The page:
Is there a future without Google in Australia? The search giant has hinted it might happen if the government puts into action a code it doesn’t agree with.
By now you’ve probably heard the big tech news of the weekend, because it’ll be on TV, radio, and quite a lot of websites beyond ours: Google has suggested that if the Australian government’s media code goes ahead, Google will leave.
Just like that, Google will take its search business off our large island and shut off the search capabilities, forcing you to another search engine which may or may not be as useful as the one you commonly use.
Google isn’t the only search engine out there, and Bing and Duck Duck Go are probably eagerly anticipating and hopeful that Google makes good on its promise to get out if the government has its way, but it all sounds a bit like stomping and chest-beating.
There are some pretty obvious reasons why, and there are also some interesting arguments on both sides of the government’s code, so if you’ve only heard the news — Google might be leaving! — it’s worth understanding how we got where we are.
What’s happening with Google to make it want to take its search away from Australia?
What Google does in relation to news
To understand what’s going on, you need to think about what Google serves up, and how we find out about the news.
Back in the good ol’ days, we’d hear about our news from the newspaper and the TV’s regular news spots, plus that thing you might have heard about called “radio”. These days, that’s all changed, because we hear about our news online first. Online news comes from many sources, be it social over Facebook and Twitter, someone live streaming over YouTube or a TV network’s stream, or maybe just on the web itself.
Search engines such as Google help people find that news, because its web crawlers explore every page that goes online that they’re allowed to visit, and then detail it in a search results page for us to click on. Every time you type something into Google, its robots look through the massive libraries of indexes, and spit out what it believes are the best results for your query, creating links to them.
Those results change often, too. They can change based on where you are and how the other webpages have changed. They can change based on whether you’re browsing from a phone or laptop, and whether you’re in Australia or England or France or Japan or America. Anywhere. And they can provide links to any website that allows Google to read its content, be it a news site, a product site, or a site made for videos.
Linking to information is very much one of the major underpinning points about how the web works, and how search on the web works. It’s a form of verification for the strength and authenticity of a website, and it’s a major part of how Google works the way it does, and why Google search does what it does.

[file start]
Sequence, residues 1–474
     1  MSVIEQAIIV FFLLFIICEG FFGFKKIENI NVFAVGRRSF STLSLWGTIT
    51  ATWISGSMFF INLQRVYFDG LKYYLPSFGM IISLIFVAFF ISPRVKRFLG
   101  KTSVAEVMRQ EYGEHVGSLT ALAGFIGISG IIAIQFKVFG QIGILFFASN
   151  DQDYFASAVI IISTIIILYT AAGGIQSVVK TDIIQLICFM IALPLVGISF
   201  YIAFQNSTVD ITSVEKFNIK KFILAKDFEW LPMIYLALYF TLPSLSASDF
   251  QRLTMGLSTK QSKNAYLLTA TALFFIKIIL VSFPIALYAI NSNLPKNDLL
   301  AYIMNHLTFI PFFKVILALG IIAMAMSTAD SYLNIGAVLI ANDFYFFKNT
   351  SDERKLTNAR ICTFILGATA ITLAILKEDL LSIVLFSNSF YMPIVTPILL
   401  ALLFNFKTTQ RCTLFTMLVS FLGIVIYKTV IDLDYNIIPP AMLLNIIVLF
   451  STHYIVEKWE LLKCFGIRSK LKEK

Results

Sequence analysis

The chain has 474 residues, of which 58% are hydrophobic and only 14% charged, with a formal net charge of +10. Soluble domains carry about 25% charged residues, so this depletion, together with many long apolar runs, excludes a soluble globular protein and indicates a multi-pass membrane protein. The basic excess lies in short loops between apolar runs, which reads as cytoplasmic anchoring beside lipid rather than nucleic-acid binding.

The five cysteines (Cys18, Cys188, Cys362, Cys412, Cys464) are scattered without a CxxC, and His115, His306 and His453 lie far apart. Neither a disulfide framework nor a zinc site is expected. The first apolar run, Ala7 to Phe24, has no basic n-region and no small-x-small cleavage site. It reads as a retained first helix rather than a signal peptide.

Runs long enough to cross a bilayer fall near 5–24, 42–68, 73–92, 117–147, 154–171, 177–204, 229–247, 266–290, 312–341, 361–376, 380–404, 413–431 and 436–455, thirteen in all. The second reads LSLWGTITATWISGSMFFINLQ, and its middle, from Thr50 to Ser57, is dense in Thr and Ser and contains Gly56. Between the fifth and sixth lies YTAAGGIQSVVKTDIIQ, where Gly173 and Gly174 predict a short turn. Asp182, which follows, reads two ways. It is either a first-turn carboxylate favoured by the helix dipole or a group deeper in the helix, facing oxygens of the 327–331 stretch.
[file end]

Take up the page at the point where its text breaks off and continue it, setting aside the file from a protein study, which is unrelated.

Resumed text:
But if you’re a news organisation that happens to want people to pay to read your content — because it’s very hard to make money from people simply reading your website — Google might represent a threat. When someone makes a search on Google and finds a list of results including said news organisation’s page, some organisations have seen that as a need to get paid for that, because the links from those pages could also serve up some of that news as an excerpt of information, and may also prevent a user from clicking through.
The idea could be boiled down to something as simple as this: if Google’s News system, search results, and Google’s Discover feed shows some of the news, and that prevents people from clicking, has Google bilked the news site?
Google vs big media and the Australian government
The answer is not really, because that’s not really how the web works, but the government is working with large media organisations from News Ltd and Nine (Fairfax) to try and make sure that if Google did show elements to its news and provide links, it gets a portion of money to account for it.
The thing about this is that the web is built on links, and webpages are built on a system. Almost every web page serves up a title and description of what that webpage represents, and Google can and will include it in a list if it has been given the access to do so.
That’s part of what you see when you make a search on Google: the list of results can be the title and description of that page. But to make the search better, Google’s robots will also read the website, as well, and can sometimes form its own titles and descriptions based on what it believes the website is conveying in connection to the search you’re making. This is part of what makes Google more than just a complex crawler, but a growing search engine.
Reading through the proposal the government is trying to get through, large media organisations — which seem to centre specifically on large media organisations such as those produced by News Ltd and Nine — are hoping that the Australian government’s “News Media Bargaining Code” will force Google to pay for links based on what it provides, essentially balancing things and helping journalists and the organisations get paid. However, it focuses on something described as “core news” — national, international, economy, current affairs, crime and such — and seems to arrive with the blessing of Nine and News, but not taken up by all.